Toronto brings design to the streets with TO DO festival
Outside the Box Los Angeles: Pinch bowls by BTW Ceramics © Courtesy TO DO Festival 2017
Published Saturday, January 14, 2017 12:07AM EST
The Toronto Design Offsite Festival (TO DO), the city's design week, begins on Monday with more than a hundred exhibitions and events intended to take design "out of the studio and into the city."
The week will include events both large and small, with one of the biggest being the 19th annual Interior Design Show Toronto, welcoming more than 300 exhibitors to the Metro Toronto Convention Centre Jan. 19-22 and featuring architect David Adjaye as guest of honor.
Among the week's many highlights, the Gladstone Hotel Art Hut will present the traveling exhibition "Outside the Box," which has invited more than 70 designers in 11 US and Canadian cities to build a collection of objects reflecting their region that fits into a Bankers Box.
Among them, Toronto's box features tabletop objects using simple materials in new and contemplative ways; Los Angeles presents glass, wood and ceramic pieces that represent nature; Vancouver focuses on its culture of outdoor living and its location between rugged coast and mountains; and Detroit showcases its deep history of design and fabrication.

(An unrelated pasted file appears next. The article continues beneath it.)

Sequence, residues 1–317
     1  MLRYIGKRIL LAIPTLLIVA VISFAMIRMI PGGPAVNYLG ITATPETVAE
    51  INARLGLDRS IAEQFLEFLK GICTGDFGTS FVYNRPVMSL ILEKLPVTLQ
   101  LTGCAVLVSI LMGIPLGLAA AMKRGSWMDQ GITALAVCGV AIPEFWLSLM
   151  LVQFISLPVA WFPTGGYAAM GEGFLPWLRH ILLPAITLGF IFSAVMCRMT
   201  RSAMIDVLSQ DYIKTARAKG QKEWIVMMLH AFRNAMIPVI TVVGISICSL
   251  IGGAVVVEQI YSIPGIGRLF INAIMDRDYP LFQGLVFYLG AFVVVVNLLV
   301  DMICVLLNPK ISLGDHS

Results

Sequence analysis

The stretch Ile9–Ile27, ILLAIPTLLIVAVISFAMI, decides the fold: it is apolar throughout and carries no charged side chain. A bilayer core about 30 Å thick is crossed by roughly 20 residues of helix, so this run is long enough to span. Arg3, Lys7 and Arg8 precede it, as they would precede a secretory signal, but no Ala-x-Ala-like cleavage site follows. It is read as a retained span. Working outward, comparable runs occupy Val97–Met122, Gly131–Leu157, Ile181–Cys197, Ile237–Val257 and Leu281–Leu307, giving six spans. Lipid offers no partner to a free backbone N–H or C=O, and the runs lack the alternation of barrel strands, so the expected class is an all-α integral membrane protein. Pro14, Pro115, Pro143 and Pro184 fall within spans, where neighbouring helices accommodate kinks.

A number of locations throughout the city will feature design-inspired window installations, including Anti Vice Juicery, WC The Store, the Spacing Store and Lebel & Crowe. At Town, a window installation titled "Elephants on the Avenue" will take inspiration from a circa-1920 photo of a parade of circus elephants being led down Brock Avenue. At Opticianado, "Look Again" will invite visitors to try on one-off eyewear prototypes by designer Odin Cappello.
"Living Well," a third-annual show that is a signature TO DO exhibition, will take place at Craft Ontario, featuring the work of 12 artists and designers in exploring how design improves our daily lives.
Another signature exhibition, "Compact Living" at the Umbra concept store, will showcase 11 Canadian artists and designers in a look at modern urban housing and the trend toward designing for small spaces.
At the Assembly Hall on Jan. 22, Karol Kosnik -- the self-proclaimed "world's first professional IKEA hacker -- will present "IKEA Hacking: The Cure for the Common Designer," an exposé of IKEA hacking that is 10 years in the making.
A festival hub has been set up at Bosley Real Estate (1108 Queens St. West), where design-lovers can obtain a festival guide, meet designers and view Canadian-made furniture in the Keilhauer Lounge.
TO DO runs Jan. 16-22.